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$G=\langle x,y,z:xy=yx,zy=yz,zx=xzy^2\rangle$. I want to draw the Cayley graph, we take as set of vertices $\mathbb{Z}^3\subset\mathbb{R}^3$, and make the correspondence $(i,j,k)\leftrightarrow x^iy^jz^k$. So by definition we have to connect $x^iy^jz^k$ with $x^iy^jz^kx,x^iy^jz^ky,x^iy^jz^kz$; now using the relations these words are equivalent respectively to $x^{i+1}y^{j+2k}z^k,x^iy^{j+1}z^k,x^iy^jz^{k+1}$. Now there is an easy way to draw this cayley graph? (if my calculation are correct).

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It's kind of hard to "draw" a graph in $\mathbb Z^3$. –  Patrick Da Silva Jan 29 '12 at 0:02
    
yeah I know but my homework ask me to draw it, so I thought that probably I was doing something wrong or there is an easy way to draw it. –  John Jan 29 '12 at 0:33
    
I have never drawn Cayley graphs in my life, nor knew what was a Cayley graph before consulting Wikipedia : if my intuition is right from the stuff that I read, you should also connect $x^i y^j z^k$ with the dots obtained by multiplying on the right by $x^{-1}$, $y^{-1}$, $z^{-1}$, plus multiplication on the left... (and then see what cases you are left with.) Am I wrong, someone? –  Patrick Da Silva Jan 29 '12 at 0:41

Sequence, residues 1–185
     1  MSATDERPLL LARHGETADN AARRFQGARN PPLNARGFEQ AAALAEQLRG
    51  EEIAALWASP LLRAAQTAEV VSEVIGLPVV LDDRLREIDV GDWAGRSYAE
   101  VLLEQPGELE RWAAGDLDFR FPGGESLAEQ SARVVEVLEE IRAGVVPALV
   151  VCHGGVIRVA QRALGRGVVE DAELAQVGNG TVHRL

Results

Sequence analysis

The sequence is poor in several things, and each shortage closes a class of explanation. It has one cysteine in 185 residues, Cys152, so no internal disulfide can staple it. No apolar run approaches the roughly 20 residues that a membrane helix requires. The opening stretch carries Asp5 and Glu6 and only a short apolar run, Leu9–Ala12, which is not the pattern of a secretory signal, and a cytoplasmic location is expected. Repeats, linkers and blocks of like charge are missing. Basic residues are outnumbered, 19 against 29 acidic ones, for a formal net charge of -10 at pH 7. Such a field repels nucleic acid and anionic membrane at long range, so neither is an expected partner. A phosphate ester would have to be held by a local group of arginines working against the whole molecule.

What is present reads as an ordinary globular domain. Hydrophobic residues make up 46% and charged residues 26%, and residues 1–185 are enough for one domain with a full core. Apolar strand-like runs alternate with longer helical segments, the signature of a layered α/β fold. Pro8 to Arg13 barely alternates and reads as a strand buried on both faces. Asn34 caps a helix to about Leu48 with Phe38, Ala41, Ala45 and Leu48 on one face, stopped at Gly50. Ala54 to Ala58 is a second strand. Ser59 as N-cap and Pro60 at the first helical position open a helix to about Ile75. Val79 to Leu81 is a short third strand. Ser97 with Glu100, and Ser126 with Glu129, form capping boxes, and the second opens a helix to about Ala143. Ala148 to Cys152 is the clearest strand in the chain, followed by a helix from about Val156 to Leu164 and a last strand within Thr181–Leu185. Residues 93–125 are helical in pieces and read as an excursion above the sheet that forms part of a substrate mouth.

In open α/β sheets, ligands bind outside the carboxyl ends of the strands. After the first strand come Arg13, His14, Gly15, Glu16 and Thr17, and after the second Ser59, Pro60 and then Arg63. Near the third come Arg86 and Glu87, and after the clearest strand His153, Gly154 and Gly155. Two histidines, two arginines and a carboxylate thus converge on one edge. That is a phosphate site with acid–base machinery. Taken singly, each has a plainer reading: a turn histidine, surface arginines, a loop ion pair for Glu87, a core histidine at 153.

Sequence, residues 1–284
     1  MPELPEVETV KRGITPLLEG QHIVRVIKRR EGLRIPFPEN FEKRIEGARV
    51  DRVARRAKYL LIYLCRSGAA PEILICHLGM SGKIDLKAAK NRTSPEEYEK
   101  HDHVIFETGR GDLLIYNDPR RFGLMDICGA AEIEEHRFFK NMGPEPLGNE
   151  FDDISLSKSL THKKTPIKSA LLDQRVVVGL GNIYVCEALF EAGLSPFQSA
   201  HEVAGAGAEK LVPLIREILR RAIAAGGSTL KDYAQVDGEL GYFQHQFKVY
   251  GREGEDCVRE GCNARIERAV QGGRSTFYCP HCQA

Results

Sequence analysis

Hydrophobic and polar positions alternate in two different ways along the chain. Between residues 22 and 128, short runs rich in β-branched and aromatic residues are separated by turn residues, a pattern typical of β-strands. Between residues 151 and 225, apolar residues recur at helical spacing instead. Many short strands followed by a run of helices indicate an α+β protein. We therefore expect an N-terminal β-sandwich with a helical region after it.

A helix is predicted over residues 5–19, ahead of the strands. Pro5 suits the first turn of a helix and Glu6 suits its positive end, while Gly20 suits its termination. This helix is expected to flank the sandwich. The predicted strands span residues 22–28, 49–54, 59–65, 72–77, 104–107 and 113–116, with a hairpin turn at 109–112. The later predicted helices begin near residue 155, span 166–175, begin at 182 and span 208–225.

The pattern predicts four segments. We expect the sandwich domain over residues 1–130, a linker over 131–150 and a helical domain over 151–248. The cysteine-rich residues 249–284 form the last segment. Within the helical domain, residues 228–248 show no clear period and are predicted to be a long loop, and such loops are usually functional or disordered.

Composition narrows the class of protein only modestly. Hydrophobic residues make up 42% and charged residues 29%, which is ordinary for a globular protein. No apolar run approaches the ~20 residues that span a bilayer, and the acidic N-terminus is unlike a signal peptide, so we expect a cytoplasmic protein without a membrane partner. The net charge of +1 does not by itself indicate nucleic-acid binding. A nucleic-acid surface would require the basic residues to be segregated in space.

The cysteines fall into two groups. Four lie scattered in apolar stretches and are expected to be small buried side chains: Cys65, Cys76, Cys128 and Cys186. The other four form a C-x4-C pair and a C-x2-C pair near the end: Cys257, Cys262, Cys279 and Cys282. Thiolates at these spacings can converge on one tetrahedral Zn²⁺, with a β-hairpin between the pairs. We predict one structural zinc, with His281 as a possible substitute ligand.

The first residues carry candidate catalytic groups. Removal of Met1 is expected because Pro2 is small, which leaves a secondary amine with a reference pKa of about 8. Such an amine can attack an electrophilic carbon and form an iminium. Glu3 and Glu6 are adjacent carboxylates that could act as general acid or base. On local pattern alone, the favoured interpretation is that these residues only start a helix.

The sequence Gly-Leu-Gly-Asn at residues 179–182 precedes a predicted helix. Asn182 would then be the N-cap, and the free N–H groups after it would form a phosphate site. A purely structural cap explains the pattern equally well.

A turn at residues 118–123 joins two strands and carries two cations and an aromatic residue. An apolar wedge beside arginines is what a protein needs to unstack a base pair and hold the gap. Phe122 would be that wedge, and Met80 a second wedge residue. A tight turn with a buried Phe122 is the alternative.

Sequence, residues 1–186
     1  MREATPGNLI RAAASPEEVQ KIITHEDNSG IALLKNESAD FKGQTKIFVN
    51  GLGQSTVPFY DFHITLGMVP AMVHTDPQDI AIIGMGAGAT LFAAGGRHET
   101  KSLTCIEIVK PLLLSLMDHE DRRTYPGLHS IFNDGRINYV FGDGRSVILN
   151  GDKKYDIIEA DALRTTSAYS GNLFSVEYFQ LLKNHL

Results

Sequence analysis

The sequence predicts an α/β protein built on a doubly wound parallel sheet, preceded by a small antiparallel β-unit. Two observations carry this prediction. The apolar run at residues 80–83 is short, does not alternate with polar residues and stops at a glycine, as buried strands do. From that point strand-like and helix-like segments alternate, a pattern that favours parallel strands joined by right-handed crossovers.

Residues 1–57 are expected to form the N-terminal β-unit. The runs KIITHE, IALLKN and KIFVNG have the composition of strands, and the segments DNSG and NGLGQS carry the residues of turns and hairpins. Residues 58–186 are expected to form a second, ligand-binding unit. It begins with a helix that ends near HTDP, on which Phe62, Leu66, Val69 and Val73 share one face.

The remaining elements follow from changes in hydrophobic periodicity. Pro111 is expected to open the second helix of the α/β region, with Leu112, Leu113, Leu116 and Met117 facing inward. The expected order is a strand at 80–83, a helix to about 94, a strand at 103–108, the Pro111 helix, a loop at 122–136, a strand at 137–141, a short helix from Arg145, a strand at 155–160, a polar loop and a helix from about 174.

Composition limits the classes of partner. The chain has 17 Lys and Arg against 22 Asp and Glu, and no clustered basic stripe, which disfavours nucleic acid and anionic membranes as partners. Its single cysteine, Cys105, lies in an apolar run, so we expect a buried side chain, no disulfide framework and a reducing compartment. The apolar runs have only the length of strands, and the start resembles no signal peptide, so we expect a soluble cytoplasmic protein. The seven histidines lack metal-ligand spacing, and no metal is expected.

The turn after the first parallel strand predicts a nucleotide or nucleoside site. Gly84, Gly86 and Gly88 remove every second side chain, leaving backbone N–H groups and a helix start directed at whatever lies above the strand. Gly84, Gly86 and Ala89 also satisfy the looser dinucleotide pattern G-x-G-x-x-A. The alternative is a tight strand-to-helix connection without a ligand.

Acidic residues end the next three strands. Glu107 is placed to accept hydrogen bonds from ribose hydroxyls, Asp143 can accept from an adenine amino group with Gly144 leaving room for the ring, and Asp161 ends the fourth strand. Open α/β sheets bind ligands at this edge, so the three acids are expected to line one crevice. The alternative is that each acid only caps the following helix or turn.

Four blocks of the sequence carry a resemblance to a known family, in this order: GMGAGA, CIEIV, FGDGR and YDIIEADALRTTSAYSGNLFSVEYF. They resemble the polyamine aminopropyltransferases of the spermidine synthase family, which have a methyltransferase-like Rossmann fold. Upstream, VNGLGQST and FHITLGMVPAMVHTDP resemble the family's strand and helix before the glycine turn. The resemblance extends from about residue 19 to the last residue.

In any Cayley graph of a group with definite generators, it is suggested to identify elements of the group because; every generator wants to move them to the other element. It seems that this group is infinite, so it is hard to draw. Like this case, I think we should use van Kampen diagram instead. –  B. S. Jan 29 '12 at 10:46
    
Your correspondence $(i,j,k) \leftrightarrow x^i y^j z^k$ is unjustified. How do you know that every element of the group can be written in that form? –  Lee Mosher May 22 '12 at 16:48

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The clearest way I can think of to "draw" this graph is to draw a layer of it by fixing a value of $k$. Take some "typical" value of $k$ like 3, draw it, and explain how it looks for general values of $k$. Then explain how the layers connect together (this looks straightforward; from your description of the group, the layers just connect vertically).

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